Thursday, February 13, 2014

Deep Winter (Samuel W. Gailey)

Thanks to NetGalley for the opportunity to read this book in exchange for my honest review.

I don't know what exactly compelled me to request an advance copy of Deep Winter from NetGalley. I guess the blurb is what did it: it makes the book sound like this fascinating murder mystery that is high on intrigue and soapy drama (which I iterate repeatedly is my guilty pleasure). As it turns out, that's not the case, not even slightly.

So what is the novel? Well, it's a portrait of a small town, Wyalusing, the sort that I'd describe as a black hole in that there seems to be no escaping from it. It's populated by all sorts of people who never managed to leave and who are very unhappy with their lives at age 40. There's Danny, who fell through a frozen lake and suffered extreme brain damage that has arrested his mental development; Mindy, the only person who has ever shown Danny kindness; Sokowski, the police deputy with a drug-and-alcohol problem and an interest in hurting Danny and using Mindy; and Carl, Sokowski's sidekick, along with a variety of other, more marginal characters.

The book opens with Mindy dead in her trailer, brutally injured. Danny is there and he is panicking about what has happened. This is supposed to be the mystery of the book, and the blurb definitely makes it sound like we're supposed to be unsure of Danny's guilt in the murder. The only problem, then, is that the book rewinds to before Mindy's murder.

We see who does kill her, and I'm not sure if it's really a spoiler, but I won't identify the character. It's fairly obvious that that's what's going to happen, and then we witness it ourselves. Any element of "did Danny do it?" disappears because we know for certain that he doesn't. Deep Winter then tries to clean up the bloody mess in the trailer by means of false accusations, a poorly-handled investigation, and a blizzard.

I'm sure it's clear I'm not a fan of the book. It could have been exciting if maybe we find out much later in the book that Danny has accidentally or intentionally killed the only nice person in Wyalusing, but the moment we find out that he is innocent, the rest of the story falls apart. We get to read several scenes in which the murderer blames Danny over and over, which doesn't add tension or excitement because we know who it was.

Even worse than that are the characters. Seriously. Imagine every single movie or book or TV series about a small town with miserable characters. Pick the three most-repeated tropes about them, hastily glue them together and you've got the population of Wyalusing. Danny's the sweet, innocent mentally-arrested guy that people mock. Mindy's the battered woman who just wants life to work for her but she keeps making bad choices but we're rooting for her because she's nice to Danny. Sokowski is the bully from high school who grew up to be a cruel drunk, and Carl's his accomplice in all his nasty activities but actually feels remorse for everything he's done.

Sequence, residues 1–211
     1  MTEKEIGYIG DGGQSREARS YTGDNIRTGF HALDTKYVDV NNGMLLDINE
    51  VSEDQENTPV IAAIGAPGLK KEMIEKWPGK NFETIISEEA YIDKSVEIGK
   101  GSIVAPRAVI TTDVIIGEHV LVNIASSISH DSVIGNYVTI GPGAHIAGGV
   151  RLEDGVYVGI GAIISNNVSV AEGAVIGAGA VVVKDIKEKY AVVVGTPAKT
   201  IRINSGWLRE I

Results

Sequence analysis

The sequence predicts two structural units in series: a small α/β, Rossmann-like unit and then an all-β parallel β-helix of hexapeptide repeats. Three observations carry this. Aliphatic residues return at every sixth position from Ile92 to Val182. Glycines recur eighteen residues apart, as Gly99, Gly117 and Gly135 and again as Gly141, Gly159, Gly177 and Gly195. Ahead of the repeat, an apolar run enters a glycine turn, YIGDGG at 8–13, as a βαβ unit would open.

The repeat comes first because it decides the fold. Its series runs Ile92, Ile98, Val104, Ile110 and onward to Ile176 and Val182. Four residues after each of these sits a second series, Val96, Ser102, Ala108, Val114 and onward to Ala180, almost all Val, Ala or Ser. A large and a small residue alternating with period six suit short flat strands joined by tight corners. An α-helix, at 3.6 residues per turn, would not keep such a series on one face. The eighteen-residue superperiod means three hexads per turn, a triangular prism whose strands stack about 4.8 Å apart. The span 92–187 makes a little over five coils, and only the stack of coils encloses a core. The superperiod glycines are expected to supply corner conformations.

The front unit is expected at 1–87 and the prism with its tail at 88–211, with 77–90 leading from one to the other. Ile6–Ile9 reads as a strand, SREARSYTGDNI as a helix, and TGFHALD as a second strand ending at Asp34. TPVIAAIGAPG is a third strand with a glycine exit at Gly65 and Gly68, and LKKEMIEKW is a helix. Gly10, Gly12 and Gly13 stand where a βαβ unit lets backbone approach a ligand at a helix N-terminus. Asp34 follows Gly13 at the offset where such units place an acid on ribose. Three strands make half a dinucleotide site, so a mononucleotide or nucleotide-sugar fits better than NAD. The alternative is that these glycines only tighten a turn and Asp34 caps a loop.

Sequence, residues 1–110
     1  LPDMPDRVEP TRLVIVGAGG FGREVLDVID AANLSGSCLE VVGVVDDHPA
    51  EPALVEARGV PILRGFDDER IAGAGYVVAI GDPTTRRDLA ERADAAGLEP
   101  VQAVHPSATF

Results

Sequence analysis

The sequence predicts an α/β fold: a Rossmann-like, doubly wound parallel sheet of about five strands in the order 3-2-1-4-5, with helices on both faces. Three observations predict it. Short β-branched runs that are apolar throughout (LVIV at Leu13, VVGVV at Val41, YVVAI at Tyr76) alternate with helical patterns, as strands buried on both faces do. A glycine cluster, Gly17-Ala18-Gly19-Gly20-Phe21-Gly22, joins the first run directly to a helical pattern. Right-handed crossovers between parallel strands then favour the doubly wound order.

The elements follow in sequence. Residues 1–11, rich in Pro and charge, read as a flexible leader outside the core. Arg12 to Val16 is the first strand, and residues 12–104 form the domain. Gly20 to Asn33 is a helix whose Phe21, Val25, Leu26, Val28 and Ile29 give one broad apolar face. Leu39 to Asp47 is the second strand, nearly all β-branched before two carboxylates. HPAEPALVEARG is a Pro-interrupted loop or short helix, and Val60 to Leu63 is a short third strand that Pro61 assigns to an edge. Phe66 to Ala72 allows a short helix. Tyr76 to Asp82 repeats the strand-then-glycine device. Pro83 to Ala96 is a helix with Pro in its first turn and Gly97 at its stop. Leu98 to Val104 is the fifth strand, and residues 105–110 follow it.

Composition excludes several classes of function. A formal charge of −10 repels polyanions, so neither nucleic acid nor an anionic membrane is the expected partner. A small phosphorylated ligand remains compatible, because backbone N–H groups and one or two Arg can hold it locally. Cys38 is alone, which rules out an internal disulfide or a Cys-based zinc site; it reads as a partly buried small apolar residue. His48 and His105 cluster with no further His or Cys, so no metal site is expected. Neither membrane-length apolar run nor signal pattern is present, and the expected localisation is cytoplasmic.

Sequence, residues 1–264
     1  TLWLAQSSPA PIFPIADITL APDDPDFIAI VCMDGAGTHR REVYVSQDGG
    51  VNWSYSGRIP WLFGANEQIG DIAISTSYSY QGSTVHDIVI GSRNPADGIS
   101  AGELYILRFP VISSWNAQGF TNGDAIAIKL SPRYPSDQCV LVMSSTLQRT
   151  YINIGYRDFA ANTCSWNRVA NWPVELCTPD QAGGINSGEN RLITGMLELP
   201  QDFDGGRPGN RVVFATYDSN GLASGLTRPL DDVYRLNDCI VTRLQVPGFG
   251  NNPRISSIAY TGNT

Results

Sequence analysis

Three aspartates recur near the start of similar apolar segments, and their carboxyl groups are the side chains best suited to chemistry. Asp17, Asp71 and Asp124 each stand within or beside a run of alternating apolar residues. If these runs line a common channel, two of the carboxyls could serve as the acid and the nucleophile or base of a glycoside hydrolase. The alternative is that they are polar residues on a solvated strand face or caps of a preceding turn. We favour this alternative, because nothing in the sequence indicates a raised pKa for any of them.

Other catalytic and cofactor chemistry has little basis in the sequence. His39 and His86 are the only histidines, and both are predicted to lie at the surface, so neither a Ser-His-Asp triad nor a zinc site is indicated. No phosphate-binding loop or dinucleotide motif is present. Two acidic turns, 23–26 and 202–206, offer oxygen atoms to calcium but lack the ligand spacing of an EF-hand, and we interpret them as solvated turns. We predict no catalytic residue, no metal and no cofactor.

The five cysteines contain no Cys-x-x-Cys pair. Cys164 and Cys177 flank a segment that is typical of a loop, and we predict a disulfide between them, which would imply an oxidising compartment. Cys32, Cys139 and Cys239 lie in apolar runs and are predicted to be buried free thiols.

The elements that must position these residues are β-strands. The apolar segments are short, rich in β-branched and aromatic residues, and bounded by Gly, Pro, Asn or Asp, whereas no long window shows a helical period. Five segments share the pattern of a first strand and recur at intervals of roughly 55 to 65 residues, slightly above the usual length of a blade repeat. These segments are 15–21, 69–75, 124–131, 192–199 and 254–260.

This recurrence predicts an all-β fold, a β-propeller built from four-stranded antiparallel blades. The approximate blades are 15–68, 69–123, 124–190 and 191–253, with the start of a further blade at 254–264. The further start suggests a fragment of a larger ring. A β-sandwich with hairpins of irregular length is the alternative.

I have said time and again that disliking a book because you can't relate to the characters or you don't like them is not a valid reason. But there's a difference between books with characters you're supposed to hate and books with characters that are just kind of frustrating. And that's exactly what these characters are. They're so familiar and archetypal. It's boring. I was hoping for any sort of breaking of the mold, some real show-stopping moment of "wait I can escape these tropes I inhabit", but it never happened. I would have dealt with how stereotypical the characters were if only they had done something interesting!

The second half of the novel is just bloodshed as people kill other people who accidentally kill people who commit suicide, and maybe that would have been good if there had been even an ounce of tension. Fill a book with interesting characters that all die? I will be provoked. Kill off a slew of boring ones? I will shrug and turn the pages even faster. I had no incentive to care.

Wow. I'm really trashing Deep Winter. It's not a bad book. It's a boring book. Bad books are different entirely, books that slap you in the face with their bad endings or are pages and pages of nonsense. And Gailey's book is not those things. But it's nothing different and it's nothing interesting. And that can almost be as much of a crime.

My rating: 2/5
Deep Winter on Goodreads
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